120,000 Indigenous Armenians are Being Starved to Death by Azerbaijan Without the UN Taking Any meaningful Action to Stop It
Azerbaijan is carrying out an eight-month-long genocide against the indigenous Armenians of the Republic of Artsakh.
On December 12, 2022, Azerbaijan imposed a blockade on all transportation routes connecting Artsakh to Armenia and the rest of the world. This blockade has resulted in the cessation of private and commercial transportation of goods and medicines, leading to the confinement of 120,000 Armenians in Artsakh. Consequently, stores and pharmacies have depleted their supplies, necessitating food rationing through a coupon system. Surgical procedures have been suspended, and only the International Committee of the Red Cross (ICRC), accompanied by Russian Peacekeepers, has been facilitating the transportation of critically ill individuals to Armenia on a sporadic basis. Additionally, Azerbaijan has periodically blocked electricity and gas supply, resulting in prolonged disruptions in home heating during winter months, communication and internet access.
To worsen the crisis, on June 15, 2023, Azerbaijan halted the transportation of all humanitarian aid destined for the people of Artsakh. Consequently, the 120,000 Armenians residing in Artsakh, which includes 30,000 children, are now deprived of necessities such as food, medicines, gas, electricity, and internet access. They live in an open prison, surrounded by Azerbaijani soldiers who frequently engage in gunfire and military attacks against Armenian farmers and residents of Artsakh, inflicting terror and loss of life. On June 27, 2023, the day the Armenian and Azerbaijani foreign ministers arrived in Washington, DC, for peace talks with mediation from the U.S. Secretary of State, Azerbaijan launched preemptive drone and artillery attacks in Artsakh, killing four service members.
In a wide-ranging report publicized and published in August, leading international legal expert and the former lead prosecutor of the International Criminal Court, Luis Moreno Ocampo, said there is an ongoing genocide being committed against 120,000 Armenians living in Artsakh. He also noted that Azerbaijani President Ilham Aliyev’s actions signal that he has ‘genocidal intentions.’
Moreno Ocampo compiled the detailed report in response to a request from former Artsakh President Arayik Harutyunyan, who appealed to the legal expert late last month to provide his assessment on the matter.
His conclusions were based on assessing the current conditions in Artsakh and international legal precedents confirming that ‘deprivation of food, medical care, shelter or clothing’ constitutes Genocide within the meaning of Article II(c) of the Genocide Convention.’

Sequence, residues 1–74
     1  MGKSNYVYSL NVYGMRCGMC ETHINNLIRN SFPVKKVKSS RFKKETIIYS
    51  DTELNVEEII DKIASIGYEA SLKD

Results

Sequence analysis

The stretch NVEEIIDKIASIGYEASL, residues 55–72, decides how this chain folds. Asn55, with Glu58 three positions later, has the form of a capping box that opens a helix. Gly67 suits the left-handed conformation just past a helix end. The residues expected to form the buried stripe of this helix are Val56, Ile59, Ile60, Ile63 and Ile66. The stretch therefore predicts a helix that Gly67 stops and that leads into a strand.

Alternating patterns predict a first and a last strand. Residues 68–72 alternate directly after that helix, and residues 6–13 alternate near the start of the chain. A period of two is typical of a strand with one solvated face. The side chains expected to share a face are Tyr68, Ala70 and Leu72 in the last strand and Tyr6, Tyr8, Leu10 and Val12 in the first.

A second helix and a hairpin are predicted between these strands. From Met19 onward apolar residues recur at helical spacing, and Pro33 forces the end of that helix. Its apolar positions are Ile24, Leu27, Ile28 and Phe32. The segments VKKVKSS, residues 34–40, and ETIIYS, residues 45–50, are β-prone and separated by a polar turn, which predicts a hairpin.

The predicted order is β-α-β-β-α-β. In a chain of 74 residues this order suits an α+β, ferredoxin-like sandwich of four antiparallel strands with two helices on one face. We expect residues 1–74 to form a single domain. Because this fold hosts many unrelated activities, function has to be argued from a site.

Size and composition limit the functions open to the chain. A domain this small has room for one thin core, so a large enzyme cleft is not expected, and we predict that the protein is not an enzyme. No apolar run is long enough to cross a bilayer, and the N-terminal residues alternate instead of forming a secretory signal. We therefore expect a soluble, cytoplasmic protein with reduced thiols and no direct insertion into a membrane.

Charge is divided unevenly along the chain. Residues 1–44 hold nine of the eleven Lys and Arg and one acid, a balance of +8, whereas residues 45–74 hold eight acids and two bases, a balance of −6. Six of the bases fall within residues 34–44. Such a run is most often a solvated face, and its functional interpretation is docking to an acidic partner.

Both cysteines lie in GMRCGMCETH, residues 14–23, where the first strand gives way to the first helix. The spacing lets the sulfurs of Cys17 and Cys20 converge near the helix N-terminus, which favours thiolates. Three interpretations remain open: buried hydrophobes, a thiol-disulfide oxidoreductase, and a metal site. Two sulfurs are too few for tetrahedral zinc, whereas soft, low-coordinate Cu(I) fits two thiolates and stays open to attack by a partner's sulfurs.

The 2023 SDG Summit will begin a new phase of accelerated progress towards the Sustainable Development Goals with high-level political guidance on transformative and accelerated actions leading up to 2030.
Convened by the President of the General Assembly, the Summit will mark the halfway point to the deadline for achieving the 2030 Agenda and the Sustainable Development Goals. It will be the centerpiece of the High-level Week of the General Assembly. It will respond to the impact of multiple and interlocking crises facing the world and is expected to reignite hope, optimism, and enthusiasm for the 2030 Agenda.
On Monday, August 21, a former United Nations expert on Genocide, Juan Mendez, warned of serious risks facing the population of Artsakh that correspond to the Convention on the Prevention and Punishment of Genocide.
Focusing on the prevention duty of the international community, Juan Mendez highlighted that the facts constitute sufficient reason to proffer an early warning to the international community that the population of Nagorno-Karabakh is at risk of suffering “serious bodily or mental harm to members of the group” as defined in Article 2 of the Convention on the Prevention and Punishment of Genocide.
‘The lack of compliance with a binding interim measure issued by the ICJ to protect a population at risk is at least as severe an early warning than refusal to cooperate with judicial investigations,’ Professor Mendez concluded, pointing out to Azerbaijan’s defiance of the legally binding order of the International Court of Justice as an indication that necessitates the exercise of the UN’s early warning and prevention capacities.
The group will demonstrate in front of the UN building on Monday, September 18, and Tuesday, September 19. They have a list of demands from the United Nations, including the UN Security Council. There is a 45-minute program on Monday, September 18, at noon, including speeches by elected officials, community leaders, and genocide experts.
Please see the following video: https://youtu.be/tx5X-bwQ3tI?si=e349cjkrq7slBbjJ